John Dewey and the Mind-Body Problem in the Context: The Case of «Neutral Monism»

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The main focus of this paper is the mind-body problem in its relation to the doctrine of ‘neutral monism’ and the question who can be considered its proponents. According to Bertrand Russell, these are Ernst Mach, William James, and John Dewey (to name a few). This paper aims to clarify whether Russell himself was right in his conclusions or not. At first, I start with the clarification of the relation between ‘neutral monism’ and ‘dual-aspect theory’. Secondly, I analyze the ‘big three’ of the neutral monism: Mach, James and Russell. My starting-point here is Russell’s very understanding of Mach and James positions. In the end, it appears that neither Mach, nor James as well as Dewey can be considered as neutral monists. It was rather Russell’s misunderstanding of the both James’ radical empiricism and Mach’s analysis of sensations, which led him to the creation of his own original version of ‘neutral monism’ (or ‘Russelian monism’).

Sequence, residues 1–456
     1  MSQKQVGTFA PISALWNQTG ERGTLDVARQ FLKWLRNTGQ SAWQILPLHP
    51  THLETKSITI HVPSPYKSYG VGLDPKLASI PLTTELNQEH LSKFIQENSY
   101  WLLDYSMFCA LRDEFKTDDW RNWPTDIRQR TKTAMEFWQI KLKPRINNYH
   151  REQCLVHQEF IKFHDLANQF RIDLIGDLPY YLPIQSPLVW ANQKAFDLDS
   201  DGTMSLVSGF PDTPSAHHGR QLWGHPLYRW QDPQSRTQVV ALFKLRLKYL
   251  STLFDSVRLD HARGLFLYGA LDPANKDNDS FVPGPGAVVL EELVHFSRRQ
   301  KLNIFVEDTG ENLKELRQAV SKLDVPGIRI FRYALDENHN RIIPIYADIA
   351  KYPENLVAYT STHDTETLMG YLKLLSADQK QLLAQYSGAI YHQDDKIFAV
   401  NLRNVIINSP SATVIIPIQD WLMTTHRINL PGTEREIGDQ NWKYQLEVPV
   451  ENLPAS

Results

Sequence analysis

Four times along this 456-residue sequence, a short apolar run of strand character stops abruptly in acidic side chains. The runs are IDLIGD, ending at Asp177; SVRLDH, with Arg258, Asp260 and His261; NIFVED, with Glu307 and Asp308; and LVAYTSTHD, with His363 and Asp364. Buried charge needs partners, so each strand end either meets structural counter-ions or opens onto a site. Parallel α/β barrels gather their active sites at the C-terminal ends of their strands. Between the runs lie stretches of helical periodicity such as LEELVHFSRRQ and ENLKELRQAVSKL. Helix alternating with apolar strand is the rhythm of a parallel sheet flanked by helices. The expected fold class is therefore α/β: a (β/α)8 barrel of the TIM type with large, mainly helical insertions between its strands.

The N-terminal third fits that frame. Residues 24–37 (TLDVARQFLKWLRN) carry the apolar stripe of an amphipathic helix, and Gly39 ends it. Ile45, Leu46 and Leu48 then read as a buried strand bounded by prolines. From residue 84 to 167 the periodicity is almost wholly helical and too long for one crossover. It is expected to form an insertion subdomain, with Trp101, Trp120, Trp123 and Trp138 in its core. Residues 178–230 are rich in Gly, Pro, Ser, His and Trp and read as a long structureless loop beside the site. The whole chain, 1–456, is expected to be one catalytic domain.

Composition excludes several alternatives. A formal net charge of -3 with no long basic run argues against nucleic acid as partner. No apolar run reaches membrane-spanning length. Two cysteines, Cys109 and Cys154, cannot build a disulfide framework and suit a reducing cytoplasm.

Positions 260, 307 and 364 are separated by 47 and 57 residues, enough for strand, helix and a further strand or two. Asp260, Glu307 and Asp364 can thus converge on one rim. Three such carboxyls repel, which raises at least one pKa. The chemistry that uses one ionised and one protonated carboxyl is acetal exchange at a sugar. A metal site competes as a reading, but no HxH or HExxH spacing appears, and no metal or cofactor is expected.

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Archival date: 2018-12-02
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